Solar power is becoming an increasingly popular option for turning some roof or yard space into a means of partially or completely covering home electricity needs. Some intrepid do-it-yourselfers have turned to building their own solar electric panels, either for the challenge of it or to meet the custom specifications of a unique space or electrical demand that requires a custom-built solution. While building a homemade solar panel may not be as complicated as one might think, building one requires thorough planning and a combination of carpentry and wiring skills.
The first task is determining the demand to be met by the homemade solar electric panel or panels, and designing an entire system around that demand. Such panels rarely supply power directly to anything; instead, they are usually used to charge batteries, and the batteries then feed a steady supply of electricity to the home. In this example, the panel are meant to power a home office with a laptop, printer, a few lightbulbs, and a few other gizmos with a projected combined demand of 400 watts. That is how much power the batteries will need to supply every hour for, say, nine hours a day, for a total of 3,600 watts.
Most solar systems are designed so that total demand should be met by the panel during the average six hours of good daylight the system will receive during an average day. That means 3,600 divided by 6, so that the panel must be designed to generate 600 watts per hour.
The next step is to go shopping, and choose the type of solar cell you want to use. The individual solar cells will be assembled into a single panel. Other special electrical parts include a charge controller, at least one inverter (to convert the voltage), and one or more deep-cycle batteries (batteries designed to be drawn down and re-charged repeatedly). It would be a good idea to match the voltage of the solar cells to being just a point or two above the voltage of the battery, so only one inverter is needed. Otherwise, the voltage will need to be altered for the battery, and then again for the appliances in the system.
Always start a complicated assembly job like this one by sketching the entire end product, including where the individual cells and their wires will go. A sketch helps to save time and avoid problems during the construction process.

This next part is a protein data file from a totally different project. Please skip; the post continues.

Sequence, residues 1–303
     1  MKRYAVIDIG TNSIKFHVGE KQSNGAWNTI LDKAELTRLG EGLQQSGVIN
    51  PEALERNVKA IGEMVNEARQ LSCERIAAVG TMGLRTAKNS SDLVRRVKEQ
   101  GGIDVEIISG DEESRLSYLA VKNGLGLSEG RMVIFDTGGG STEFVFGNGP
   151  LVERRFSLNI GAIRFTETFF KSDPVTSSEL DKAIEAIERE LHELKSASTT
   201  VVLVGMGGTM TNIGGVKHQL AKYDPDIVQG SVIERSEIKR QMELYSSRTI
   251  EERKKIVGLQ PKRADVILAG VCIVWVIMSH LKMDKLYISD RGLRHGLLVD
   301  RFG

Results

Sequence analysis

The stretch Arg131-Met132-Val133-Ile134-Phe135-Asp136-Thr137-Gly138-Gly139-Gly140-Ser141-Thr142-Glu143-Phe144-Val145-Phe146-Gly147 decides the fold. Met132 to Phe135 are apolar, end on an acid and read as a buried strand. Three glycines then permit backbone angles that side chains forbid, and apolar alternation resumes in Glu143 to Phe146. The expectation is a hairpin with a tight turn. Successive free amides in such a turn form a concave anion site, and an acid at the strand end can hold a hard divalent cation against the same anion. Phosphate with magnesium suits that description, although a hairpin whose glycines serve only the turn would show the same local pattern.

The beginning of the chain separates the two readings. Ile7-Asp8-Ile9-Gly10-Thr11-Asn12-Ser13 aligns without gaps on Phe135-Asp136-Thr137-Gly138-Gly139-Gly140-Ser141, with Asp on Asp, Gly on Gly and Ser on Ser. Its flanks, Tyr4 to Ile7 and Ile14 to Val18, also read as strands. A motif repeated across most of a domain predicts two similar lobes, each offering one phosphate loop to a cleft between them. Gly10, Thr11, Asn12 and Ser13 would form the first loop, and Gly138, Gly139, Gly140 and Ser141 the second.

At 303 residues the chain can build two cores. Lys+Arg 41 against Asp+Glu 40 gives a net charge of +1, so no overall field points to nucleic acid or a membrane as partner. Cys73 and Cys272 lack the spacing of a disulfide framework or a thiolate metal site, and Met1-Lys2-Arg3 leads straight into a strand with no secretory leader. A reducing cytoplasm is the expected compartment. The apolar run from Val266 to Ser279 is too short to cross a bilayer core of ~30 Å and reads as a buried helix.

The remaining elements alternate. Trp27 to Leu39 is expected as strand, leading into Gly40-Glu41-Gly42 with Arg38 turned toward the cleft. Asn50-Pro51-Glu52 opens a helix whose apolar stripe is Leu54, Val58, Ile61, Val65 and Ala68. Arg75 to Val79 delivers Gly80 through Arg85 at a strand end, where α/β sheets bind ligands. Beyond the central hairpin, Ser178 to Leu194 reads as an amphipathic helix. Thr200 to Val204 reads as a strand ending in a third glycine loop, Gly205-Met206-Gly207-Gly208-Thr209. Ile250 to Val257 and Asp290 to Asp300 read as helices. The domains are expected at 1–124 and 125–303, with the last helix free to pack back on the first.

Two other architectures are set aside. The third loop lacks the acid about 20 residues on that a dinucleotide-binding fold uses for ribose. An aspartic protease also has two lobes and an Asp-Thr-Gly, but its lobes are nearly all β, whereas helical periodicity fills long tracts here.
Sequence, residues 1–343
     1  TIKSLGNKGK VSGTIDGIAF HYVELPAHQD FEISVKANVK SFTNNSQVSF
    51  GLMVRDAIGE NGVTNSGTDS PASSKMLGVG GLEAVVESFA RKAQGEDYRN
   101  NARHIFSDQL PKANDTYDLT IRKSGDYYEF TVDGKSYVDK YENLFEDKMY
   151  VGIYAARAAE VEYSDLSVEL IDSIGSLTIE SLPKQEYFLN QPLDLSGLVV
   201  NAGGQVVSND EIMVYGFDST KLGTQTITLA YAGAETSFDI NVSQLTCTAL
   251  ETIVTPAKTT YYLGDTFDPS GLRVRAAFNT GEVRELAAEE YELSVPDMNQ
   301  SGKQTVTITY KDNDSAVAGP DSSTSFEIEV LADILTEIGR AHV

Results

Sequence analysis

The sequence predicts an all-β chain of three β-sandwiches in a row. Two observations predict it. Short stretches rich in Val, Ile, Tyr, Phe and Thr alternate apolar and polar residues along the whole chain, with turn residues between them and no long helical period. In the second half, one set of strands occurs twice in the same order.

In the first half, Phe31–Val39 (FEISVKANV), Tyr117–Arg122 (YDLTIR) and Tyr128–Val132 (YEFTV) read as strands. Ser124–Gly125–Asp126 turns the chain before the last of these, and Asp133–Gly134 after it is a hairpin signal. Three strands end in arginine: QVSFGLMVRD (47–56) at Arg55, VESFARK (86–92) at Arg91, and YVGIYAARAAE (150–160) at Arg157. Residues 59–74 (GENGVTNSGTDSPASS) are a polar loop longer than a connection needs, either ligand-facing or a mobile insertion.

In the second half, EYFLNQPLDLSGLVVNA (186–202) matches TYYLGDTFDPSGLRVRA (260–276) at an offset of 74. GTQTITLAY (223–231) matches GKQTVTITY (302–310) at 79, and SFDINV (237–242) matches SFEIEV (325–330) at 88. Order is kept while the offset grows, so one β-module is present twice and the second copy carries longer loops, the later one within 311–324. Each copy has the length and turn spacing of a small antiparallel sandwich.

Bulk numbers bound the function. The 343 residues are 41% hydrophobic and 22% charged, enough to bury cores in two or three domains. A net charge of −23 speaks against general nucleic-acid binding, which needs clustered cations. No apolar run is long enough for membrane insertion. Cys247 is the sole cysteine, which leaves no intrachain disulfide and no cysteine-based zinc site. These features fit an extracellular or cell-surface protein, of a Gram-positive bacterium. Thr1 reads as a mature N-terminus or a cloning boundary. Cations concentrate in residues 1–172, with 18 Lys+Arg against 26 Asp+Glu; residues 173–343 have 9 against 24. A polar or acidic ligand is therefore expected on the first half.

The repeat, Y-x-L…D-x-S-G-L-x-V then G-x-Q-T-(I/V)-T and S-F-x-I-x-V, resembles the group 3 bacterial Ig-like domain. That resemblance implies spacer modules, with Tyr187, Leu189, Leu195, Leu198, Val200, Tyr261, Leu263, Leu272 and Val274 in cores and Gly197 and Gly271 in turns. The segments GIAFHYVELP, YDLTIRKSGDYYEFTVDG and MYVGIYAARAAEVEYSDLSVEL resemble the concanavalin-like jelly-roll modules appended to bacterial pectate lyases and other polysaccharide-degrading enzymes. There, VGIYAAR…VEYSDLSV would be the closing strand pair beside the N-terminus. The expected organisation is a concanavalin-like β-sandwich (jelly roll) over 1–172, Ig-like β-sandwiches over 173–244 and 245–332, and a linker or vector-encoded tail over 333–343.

Building the Box
A homemade solar panel is essentially a box for housing solar cells and protecting them from the elements. A typical method is to nail or screw sideboards around a plywood backing, and then to fasten a substrate of something like cork or pegboard into the interior. The entire thing is then primed and painted for protection from the weather, and then the individual solar cells are glued or screwed into place as planned. The wires from the cells are slowly bridged using wire nuts or wiring connectors, until all the cells feed through one wire. This tangled mess of wiring is best secured to the panel’s substrate using non-conductive silicon caulk. Ventilation holes and an exit hole for the single wire are then drilled. The wire is then threaded out of the panel. The whole thing is finished by fitting a piece of plexiglass to the top of the box, drilling holes, and screwing it on.
The finished panel should be erected in the direction where it will collect the most sunlight. The wires are fed into a charge controller, which will make sure that the current is steady and does not spike and fry the batteries. It will also control the current flow out of the battery, preventing the system from overdrawing power. The final, basic element is the inverter. This addresses two issues: that the solar electric panel and system up until now have been generating direct current (DC), and that the voltage is much lower than that used by almost all household appliances. An inverter will both format the current to alternating current (AC) and step the voltage up to something useful.
Sources: treehugger.com/files/2008/09/how-to-make-diy-cheap-inexpensive-solar-panels-ebay.php; virtualsecrets.com/build-a-solar-panel.html; mdpub.com/SolarPanel/index.html